Thomas Biersteker, Director of the Programme for the Study of International Governance (PSIG) at The Graduate Institute of International and Development Studies in Geneva, Switzerland, is a leading scholar on the emergence and nature of global governance, and has more recently worked with the UN and the governments of Switzerland, Sweden and Germany on the design of targeted sanction regimes.
You have worked on global governance since the emergence of the concept – how did it begin?
One of the very first volumes on global governance, Governance Without Government: Order and Change in World Politics, was published in 1992. It was the result of a conference organized by James Rosenau and Ernst-Otto Czempiel. The number of changes that were taking place in the world particularly struck Rosenau – he was also re-thinking international relations after the collapse of the former Soviet Union. The end of the Cold War basically triggered it. Rosenau brought together an interesting group – we were all struggling with the evolving nature of governance. The conference was an attempt to find people with different specializations and regional knowledge, and to ask each not immediately to write a paper, but instead a short memo about the nature of governance in certain issue-domains in which we worked. Rosenau really pioneered the distinction between the concept of ‘govern-ance’ and ‘govern-ment’.
You have led the study of security governance in particular. How did you become interested in this aspect, and how does security governance affect global governance more broadly?
Initially, I started looking at governance in terms of sets of ideas and ways of thinking about order. In the late 1990s, I had been working a lot on global debt and governance of the debt regime with the International Monetary Fund, the World Bank and private financial actors. Then in 2001 I co-edited a volume with Rodney Hall called The Emergence of Private Authority in Global Governance. We built on work that had been looking at forms of private actor governance in the international political economy. We decided to extend those ideas into the security realm, even in the least likely areas of security. There is a chapter by Mark Juergensmeyer, for example, that looked at religious movements as an alternative form of global governance. One of his cases was Al Qaeda!
That work can also apply to mercenaries – we now call them private military companies (PMCs). Is it possible that private security forces could replace the state in certain domains? Former UN Secretary- General, Kofi Annan, was exploring the possibility of the use of PMCs for rapid deployment in the aftermath of the genocide in Rwanda. Again, it was an area that had not been explored before. We were looking at the ways in which non-state actors in the security domain were providing for everyday individual, group and community security. What were the normative implications? While we might celebrate innovative forms of governance through private sector provision, we raised questions about accountability. That’s also the case for environmental actors. To whom is Greenpeace accountable? To its members? To its major source of finance? To the global environment and the greater good?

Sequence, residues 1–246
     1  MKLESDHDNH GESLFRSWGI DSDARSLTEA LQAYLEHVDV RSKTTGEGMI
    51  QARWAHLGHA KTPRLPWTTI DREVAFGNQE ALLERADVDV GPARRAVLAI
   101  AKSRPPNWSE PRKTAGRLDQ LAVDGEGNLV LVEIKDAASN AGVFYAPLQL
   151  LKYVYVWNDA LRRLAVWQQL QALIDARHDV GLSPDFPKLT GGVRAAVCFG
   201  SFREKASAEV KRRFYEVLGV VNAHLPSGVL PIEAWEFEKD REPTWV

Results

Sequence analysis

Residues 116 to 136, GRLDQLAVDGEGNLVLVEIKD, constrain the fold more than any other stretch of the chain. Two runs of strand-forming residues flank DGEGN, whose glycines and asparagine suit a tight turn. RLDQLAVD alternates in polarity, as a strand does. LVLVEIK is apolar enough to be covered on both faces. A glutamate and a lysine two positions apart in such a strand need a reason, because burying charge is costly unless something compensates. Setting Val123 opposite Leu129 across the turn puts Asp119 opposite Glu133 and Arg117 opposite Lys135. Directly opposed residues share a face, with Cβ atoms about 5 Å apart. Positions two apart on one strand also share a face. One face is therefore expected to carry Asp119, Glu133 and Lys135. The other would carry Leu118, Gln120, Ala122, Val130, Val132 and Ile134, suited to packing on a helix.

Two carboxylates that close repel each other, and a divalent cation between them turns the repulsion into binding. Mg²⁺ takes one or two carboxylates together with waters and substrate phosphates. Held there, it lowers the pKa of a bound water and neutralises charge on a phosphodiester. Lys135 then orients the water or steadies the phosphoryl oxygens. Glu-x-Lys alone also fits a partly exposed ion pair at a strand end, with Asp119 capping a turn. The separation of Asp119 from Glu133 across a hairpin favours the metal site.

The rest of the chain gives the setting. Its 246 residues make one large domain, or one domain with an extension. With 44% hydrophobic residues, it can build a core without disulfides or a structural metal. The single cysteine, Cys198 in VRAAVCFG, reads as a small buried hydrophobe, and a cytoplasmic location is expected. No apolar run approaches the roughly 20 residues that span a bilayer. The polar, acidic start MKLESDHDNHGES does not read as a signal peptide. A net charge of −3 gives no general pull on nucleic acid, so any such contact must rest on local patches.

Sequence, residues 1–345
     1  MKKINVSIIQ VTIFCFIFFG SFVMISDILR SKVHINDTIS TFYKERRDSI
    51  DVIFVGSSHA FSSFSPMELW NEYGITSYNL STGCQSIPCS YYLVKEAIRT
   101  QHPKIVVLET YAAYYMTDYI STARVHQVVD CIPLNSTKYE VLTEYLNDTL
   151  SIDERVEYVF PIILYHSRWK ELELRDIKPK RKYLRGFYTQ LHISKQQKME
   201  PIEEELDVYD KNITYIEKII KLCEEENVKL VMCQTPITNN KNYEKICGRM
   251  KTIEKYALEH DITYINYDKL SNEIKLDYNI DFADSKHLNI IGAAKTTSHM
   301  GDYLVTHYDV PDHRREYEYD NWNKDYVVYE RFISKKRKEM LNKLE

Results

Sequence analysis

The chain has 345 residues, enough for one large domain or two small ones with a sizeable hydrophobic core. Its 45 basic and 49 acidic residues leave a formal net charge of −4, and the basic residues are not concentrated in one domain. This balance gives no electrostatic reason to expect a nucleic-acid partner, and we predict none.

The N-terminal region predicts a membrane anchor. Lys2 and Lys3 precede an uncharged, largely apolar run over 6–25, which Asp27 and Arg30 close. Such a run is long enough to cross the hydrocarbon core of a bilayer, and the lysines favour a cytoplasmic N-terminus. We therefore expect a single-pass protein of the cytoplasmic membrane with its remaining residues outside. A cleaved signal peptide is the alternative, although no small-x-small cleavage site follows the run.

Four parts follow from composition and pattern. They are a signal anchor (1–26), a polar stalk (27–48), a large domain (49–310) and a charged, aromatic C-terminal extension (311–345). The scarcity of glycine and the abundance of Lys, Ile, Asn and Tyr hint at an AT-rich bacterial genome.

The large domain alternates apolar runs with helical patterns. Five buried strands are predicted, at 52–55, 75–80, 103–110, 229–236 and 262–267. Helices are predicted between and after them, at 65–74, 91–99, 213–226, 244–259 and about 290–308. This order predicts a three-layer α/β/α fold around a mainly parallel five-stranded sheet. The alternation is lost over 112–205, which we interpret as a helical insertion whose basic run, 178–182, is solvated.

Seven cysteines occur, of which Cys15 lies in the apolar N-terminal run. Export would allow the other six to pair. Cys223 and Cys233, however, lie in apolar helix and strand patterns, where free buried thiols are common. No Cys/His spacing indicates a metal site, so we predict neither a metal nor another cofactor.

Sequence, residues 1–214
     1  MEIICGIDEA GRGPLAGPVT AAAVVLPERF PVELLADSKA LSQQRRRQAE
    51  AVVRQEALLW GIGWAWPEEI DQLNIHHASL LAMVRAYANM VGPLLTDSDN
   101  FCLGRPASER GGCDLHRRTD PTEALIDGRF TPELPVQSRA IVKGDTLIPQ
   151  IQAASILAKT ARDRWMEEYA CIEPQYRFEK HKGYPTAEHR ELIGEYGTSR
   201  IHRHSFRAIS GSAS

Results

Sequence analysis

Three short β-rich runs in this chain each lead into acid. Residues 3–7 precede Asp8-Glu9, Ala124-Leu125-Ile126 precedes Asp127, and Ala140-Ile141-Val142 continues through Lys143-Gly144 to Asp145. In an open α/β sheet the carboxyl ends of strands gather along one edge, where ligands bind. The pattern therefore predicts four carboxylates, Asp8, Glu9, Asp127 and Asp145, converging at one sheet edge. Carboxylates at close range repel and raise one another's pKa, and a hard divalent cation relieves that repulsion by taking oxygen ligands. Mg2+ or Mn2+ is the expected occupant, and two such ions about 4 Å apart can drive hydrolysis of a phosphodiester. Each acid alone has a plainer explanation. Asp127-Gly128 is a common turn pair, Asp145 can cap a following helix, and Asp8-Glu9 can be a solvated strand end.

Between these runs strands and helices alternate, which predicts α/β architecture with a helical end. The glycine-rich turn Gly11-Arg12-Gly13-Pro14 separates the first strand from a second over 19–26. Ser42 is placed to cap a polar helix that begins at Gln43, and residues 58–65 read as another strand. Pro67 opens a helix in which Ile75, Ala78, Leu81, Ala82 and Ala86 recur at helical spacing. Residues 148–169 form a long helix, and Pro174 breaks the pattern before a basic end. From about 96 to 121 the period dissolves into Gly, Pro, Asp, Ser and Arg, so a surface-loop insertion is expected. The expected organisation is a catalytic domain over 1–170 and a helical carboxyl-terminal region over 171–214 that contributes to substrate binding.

Recently you have been involved in more general discussions about governance – how has this shaped your thinking?
Firstly, we should not think of governance in the singular. There is not a single system of global governance. People sometimes think of the UN as an institutional location, or the G20, or the G8. I think it’s very simple-minded: we should think about governance in the plural. There are different arrangements of governance in different issue-domains with very different actors playing different kinds of roles. If we look at the governance of some core security issues, that is a realm where the state is very central. We see it in Geneva in the Conference on Disarmament, where NGOs are relatively minor players. In other issue-domains, like global health, you have a large number of private for-profit actors and private non-profit actors that are very influential. In short, in different issue-domains we have very different types of governance arrangements. In highly technical areas, academics and NGOs play a very important role. In other areas that are highly politicized, where there is no recognition of technical expertise, it’s much harder.
Secondly, I try to define what I mean by governance. I draw from Rosenau on the importance of differentiating the ‘functions of government’, and ‘government’ per se. Usually, governance is understood as ‘who governs’ – often with rather unnuanced arguments about great power rules. The rational choice approach sees the idea of governance as ‘steering’ or ‘guiding’. When I went back to the Latin root gubernare, I found that governance could also mean something that is self regulating, like the governor in an engine, which keeps it from overheating. So I make the distinction between governance as steering, and governance as a market operation that is almost self-regulating. That is a bit of an extension on my part.
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by Julie Mandoyan.
Photography by Pascal Dolémieux for The Global Journal.